Anorexia Inpatient Care Treatment: What to Expect


Entering an inpatient treatment facility for the first time can feel scary, especially if you’ve been struggling with eating disorder behaviors for a while. You’ll need to get used to a new routine with meetings with doctors, nutritionists, and therapists, both one-on-one and in groups. Sometimes, there are unexpected aspects to the treatment. Eating disorders like anorexia nervosa can have serious, even deadly consequences, with a mortality rate second only to opioid addiction. Residential or inpatient anorexia treatment programs may seem extreme, but they’re crucial for helping people break free from harmful patterns. With a team of professionals supporting you, the journey to recovery can become easier, hopefully leading to long-term healing.

Preparing for Anorexia Inpatient Treatment

When you get to the hospital, staff will check your bags to make sure you don’t have anything that could be harmful. It’s a good idea to think about this when packing.

Check the hospital’s website to see what you can bring. Some important things to remember are:

  • Clothes: Bring comfy and warm clothes.
  • Personal items: You can bring things like photos or a favorite pillow, but remember you might share a room.
  • Medicines: Bring any pills you need in their bottles so the staff can give them to you when you need them.

If you’re not feeling up to packing, ask someone you trust to help. But if you prefer, you can oversee the packing yourself. Bringing items from home can help you feel better, so pack with your needs in mind.

What to Expect Upon Checking in the Inpatient Treatment Program for Anorexia Nervosa

When you arrive, the team will take your bags, check what’s inside, and keep them safe. They usually store suitcases in a locked room. You can’t keep backpacks or containers in your room. If you have any medicines, staff will usually take care of them. They’ll store and give you your medicines as needed. Once you’re checked in, you’ll go to your room and get a chance to settle in before starting the program.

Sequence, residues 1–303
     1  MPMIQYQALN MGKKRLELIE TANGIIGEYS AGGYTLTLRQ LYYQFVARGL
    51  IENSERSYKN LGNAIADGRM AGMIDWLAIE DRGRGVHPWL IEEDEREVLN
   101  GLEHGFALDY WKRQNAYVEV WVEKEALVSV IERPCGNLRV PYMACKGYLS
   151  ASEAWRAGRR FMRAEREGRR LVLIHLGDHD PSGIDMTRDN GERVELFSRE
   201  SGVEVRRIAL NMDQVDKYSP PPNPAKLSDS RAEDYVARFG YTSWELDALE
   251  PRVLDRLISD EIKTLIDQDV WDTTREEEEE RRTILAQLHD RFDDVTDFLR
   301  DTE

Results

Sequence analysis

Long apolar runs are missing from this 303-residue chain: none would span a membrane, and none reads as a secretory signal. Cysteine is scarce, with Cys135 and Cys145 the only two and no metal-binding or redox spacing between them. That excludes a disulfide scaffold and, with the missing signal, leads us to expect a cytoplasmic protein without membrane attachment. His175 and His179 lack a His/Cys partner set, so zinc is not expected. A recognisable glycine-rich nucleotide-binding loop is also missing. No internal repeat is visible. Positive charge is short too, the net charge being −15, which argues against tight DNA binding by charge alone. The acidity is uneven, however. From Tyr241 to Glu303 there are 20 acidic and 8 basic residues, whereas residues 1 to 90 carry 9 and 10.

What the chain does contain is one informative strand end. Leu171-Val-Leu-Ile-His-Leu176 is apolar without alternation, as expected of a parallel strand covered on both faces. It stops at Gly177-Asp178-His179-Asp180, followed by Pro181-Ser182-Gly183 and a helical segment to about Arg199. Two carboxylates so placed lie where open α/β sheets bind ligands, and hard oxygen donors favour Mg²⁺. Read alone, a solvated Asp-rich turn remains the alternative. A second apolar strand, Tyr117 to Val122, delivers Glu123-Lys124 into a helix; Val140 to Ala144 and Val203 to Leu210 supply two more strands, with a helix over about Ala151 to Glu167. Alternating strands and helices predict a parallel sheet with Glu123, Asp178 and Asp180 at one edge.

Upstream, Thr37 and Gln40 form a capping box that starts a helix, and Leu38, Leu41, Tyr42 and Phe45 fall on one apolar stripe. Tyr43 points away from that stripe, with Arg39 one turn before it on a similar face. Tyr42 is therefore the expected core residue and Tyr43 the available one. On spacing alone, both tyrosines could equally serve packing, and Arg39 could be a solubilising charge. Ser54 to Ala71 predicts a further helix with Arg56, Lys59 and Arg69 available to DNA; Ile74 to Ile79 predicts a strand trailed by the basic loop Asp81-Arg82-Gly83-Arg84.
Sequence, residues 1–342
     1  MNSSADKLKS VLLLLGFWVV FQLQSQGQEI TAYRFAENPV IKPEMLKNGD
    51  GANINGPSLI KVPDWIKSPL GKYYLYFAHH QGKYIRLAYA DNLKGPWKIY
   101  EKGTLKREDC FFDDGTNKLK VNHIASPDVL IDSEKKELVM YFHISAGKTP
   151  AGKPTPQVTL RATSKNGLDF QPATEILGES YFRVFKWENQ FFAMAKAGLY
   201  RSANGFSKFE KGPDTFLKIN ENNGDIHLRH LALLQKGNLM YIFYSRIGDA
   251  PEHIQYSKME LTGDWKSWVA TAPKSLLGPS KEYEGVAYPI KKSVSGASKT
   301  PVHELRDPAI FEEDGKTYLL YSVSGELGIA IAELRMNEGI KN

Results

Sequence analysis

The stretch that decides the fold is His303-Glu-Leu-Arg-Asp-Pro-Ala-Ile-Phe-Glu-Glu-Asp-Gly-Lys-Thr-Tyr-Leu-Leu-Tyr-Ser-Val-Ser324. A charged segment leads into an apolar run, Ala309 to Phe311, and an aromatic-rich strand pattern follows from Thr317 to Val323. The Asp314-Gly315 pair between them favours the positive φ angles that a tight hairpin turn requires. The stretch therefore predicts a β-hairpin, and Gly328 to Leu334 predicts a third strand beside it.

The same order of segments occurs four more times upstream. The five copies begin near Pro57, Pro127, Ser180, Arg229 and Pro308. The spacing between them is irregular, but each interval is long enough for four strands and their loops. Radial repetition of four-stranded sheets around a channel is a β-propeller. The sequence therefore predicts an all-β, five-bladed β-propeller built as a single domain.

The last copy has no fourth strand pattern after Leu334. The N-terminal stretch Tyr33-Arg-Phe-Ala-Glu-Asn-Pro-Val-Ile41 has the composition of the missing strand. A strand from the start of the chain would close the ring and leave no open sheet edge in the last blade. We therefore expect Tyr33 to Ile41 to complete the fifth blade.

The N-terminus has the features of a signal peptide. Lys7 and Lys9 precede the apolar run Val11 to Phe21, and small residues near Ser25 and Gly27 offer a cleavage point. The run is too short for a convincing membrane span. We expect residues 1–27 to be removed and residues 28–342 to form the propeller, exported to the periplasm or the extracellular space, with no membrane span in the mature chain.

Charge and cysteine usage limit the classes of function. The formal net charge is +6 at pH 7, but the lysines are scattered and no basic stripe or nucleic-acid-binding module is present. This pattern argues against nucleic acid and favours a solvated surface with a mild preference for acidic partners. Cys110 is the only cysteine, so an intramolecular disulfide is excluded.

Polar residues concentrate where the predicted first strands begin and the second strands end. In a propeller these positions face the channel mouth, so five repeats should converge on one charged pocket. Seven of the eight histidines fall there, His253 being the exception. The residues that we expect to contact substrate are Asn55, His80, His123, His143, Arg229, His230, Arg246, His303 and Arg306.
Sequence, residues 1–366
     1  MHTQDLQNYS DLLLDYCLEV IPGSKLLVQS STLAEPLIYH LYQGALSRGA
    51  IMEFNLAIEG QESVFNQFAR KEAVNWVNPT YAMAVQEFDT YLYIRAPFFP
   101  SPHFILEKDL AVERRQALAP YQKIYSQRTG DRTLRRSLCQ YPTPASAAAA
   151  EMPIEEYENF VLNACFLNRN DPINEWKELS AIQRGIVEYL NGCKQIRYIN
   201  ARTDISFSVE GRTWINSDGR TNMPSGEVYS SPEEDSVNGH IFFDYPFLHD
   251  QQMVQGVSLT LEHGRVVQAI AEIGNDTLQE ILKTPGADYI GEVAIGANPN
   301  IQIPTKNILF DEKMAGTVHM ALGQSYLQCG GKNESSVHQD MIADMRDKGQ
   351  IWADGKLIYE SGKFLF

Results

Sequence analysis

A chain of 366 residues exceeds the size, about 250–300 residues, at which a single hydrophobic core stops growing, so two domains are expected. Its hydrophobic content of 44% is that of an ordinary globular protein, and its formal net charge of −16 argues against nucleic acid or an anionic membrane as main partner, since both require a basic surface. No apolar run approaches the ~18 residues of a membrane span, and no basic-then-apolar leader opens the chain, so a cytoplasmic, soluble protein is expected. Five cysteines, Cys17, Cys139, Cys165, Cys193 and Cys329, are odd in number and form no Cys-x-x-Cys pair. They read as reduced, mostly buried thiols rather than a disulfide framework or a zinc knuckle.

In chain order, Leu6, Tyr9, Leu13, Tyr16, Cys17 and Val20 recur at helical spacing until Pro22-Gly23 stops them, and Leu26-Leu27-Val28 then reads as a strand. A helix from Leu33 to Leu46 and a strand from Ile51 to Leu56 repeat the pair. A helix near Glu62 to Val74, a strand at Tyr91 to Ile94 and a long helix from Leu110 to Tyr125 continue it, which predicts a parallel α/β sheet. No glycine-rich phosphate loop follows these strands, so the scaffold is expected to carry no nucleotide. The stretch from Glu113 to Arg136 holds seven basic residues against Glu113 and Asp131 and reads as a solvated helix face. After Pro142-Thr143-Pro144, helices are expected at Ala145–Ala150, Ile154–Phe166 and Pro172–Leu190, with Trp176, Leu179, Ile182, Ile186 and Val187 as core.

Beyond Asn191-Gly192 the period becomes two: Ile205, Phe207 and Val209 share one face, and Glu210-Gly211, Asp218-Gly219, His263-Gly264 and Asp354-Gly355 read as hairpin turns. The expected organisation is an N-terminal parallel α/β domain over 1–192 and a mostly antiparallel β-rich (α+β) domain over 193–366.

The First Few Days of ED Inpatient Treatment Program

On your first day, the staff will check some basic medical information like your weight, height, and blood pressure. You’ll also meet with your medical team, which can include dietitians, therapists, and other specialists. They’ll learn about your medical history and needs to create a meal plan for you. This plan helps you get to a healthy weight while you’re staying in the hospital. At first, the main goal is to make sure you’re medically okay. Later, as you start feeling better physically, the plan might change to focus on other health goals.

What does inpatient anorexia treatment look like?

Residential treatment programs usually have a strict schedule. Your day will likely be packed from morning until night with activities like meetings with your medical team, therapy sessions alone or with others, required meals, and sometimes, relaxing activities like art or mindfulness. These programs aim to give you support and treatment for your condition through self-reflection, learning new skills, and finding comfort in your routine. Here’s what a day might look like in a program for anorexia nervosa:

Wake up